"In its findings on communication ACCC/C/2013/99 (Spain), the Committee stated that the discretion as to the “appropriateness” of the application of the provisions of paragraphs 2 to 9 of article 6 of the Convention had to be considered to be even more limited if the update in the operating conditions might itself have a significant effect on the environment.
"In its findings on communication ACCC/C/2014/104 (Netherlands), the Committee made clear that: ‘except in cases where a change to the permitted duration is for a minimal time and obviously would have insignificant or no effects on the environment, it is appropriate for extensions of duration to be subject to the provisions of article 6.’”
The Committee, pursuant to paragraph 36(b) of the annex to decision I/7 of the Meeting of the Parties, [and noting the agreement of the Party concerned that the Committee take the measures requested in paragraph 37(b) of the annex to decision I/7], recommends that, with regard to section 42(1)(a)(i) and (ii) of the Planning and Development Act 2000, the Party concerned:
a) Takes the necessary legislative measures to ensure that permits for activities subject to article 6 of the Convention cannot be extended, except for a minimal duration, without ensuring opportunities for the public to participate in the decision to grant that extension in accordance with article 6(2)-(9) of the Convention;
b) Takes the necessary steps to ensure the prompt enactment of the measures to fulfil the recommendation in paragraph (a) above.
The case details can be found here.
The Convention entered into force in 2001, the UK ratified the Convention in 2005, as did the EU.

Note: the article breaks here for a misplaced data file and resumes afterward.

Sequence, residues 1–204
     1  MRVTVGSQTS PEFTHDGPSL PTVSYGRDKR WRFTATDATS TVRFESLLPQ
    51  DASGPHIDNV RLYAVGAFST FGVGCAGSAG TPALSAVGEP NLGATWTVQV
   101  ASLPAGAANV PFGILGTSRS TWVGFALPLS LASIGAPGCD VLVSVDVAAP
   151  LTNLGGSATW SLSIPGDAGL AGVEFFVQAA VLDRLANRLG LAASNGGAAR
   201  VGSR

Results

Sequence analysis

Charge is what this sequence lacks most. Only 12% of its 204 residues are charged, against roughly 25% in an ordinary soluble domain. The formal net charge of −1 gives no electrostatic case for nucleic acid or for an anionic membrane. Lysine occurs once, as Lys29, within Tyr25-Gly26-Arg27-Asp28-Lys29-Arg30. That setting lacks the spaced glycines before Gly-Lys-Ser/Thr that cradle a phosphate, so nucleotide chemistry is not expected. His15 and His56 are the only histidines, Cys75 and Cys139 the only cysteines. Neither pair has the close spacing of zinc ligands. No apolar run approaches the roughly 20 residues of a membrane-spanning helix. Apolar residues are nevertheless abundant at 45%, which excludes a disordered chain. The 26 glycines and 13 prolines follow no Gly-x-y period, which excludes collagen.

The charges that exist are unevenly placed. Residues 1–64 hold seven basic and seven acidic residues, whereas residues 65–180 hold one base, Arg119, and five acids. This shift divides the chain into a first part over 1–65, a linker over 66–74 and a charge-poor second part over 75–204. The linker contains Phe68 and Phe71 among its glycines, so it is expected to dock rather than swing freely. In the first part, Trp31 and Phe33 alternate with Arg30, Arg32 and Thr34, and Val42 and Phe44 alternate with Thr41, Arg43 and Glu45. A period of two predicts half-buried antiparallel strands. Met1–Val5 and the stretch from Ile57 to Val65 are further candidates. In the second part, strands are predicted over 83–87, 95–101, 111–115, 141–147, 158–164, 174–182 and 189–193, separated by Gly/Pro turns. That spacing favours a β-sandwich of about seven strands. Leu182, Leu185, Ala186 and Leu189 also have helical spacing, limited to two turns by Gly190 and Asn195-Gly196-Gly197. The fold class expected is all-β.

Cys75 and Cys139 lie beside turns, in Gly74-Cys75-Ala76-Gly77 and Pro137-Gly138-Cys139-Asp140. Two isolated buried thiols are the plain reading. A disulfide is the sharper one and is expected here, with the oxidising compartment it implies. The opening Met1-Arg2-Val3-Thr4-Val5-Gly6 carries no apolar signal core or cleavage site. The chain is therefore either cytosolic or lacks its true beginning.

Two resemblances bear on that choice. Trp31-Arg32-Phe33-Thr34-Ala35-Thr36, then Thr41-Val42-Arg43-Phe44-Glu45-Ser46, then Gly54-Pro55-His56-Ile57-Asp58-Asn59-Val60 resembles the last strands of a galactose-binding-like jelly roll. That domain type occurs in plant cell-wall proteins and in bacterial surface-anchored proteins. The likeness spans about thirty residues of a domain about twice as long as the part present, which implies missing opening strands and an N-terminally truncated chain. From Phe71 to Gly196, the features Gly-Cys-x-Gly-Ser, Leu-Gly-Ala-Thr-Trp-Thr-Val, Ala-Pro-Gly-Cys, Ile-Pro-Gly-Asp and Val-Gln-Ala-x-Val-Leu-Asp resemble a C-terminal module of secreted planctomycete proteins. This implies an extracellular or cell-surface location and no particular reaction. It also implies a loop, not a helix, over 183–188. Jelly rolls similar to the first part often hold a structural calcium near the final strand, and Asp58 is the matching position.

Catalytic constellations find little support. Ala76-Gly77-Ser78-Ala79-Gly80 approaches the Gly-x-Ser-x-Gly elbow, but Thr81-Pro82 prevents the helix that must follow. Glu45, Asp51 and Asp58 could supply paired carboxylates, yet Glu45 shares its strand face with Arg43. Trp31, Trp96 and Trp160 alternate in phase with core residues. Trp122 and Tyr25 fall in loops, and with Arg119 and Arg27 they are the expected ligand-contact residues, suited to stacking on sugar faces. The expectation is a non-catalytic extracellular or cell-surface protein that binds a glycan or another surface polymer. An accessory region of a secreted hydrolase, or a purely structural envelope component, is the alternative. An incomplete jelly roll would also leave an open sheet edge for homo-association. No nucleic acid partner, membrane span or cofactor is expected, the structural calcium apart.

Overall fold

Ireland ratified the Aarhus Convention on 20 June 2012 and was the last member of the EU to ratify the convention.
The Convention and the Pollutant Release Transfer Register (PRTR) Protocol entered into force in Ireland on 18 September 2012.
The Convention has its origins in Principle 10 of the Rio Declaration on Environment and Development of 1992, which proclaimed that environmental issues are best handled with the participation of citizens, that individuals should have access to information concerning the environment and the opportunity to participate in decision-making processes.
Access to remedial measures and redress should also be provided, it said.
The Convention is not aspirational but mandatory.
It guarantees persons these rights, establishes minimum standards for the rights, prohibits discrimination against persons exercising the rights, and applies the obligations to all levels and sectors of government — national, regional and local, as well as administrative agencies.
Its aim is to help strengthen citizens’ environmental rights through an international legal mechanism.
Kieran Cummins commented that Ireland’s long delay in ratifying the convention can be explained by “the wide impact the Convention has on the transparency with which governments have to conduct themselves and the empowerment provided to citizens to see that they do.
“Most Irish governments have not been comfortable with such transparency and empowerment of the public,” he believes.
The Convention has been implemented in the EU by two Directives; Directive 2003/4/EC on Access to Information on the Environment, and Directive 2003/35/EC on Public Participation in Environmental Decision-Making and Access to Justice.
Prior to ratification of the Aarhus Convention, Ireland was required to have implemented its provisions in national law.
New costs rules
In total, over 60 pieces of legislation have been used to implement the Aarhus Convention in Ireland.
One of the most significant legislative instruments, the Environment (Miscellaneous Provisions) Act 2011, introduced new costs rules to apply in certain environmental cases, as well as a requirement that judicial notice be taken of the Convention.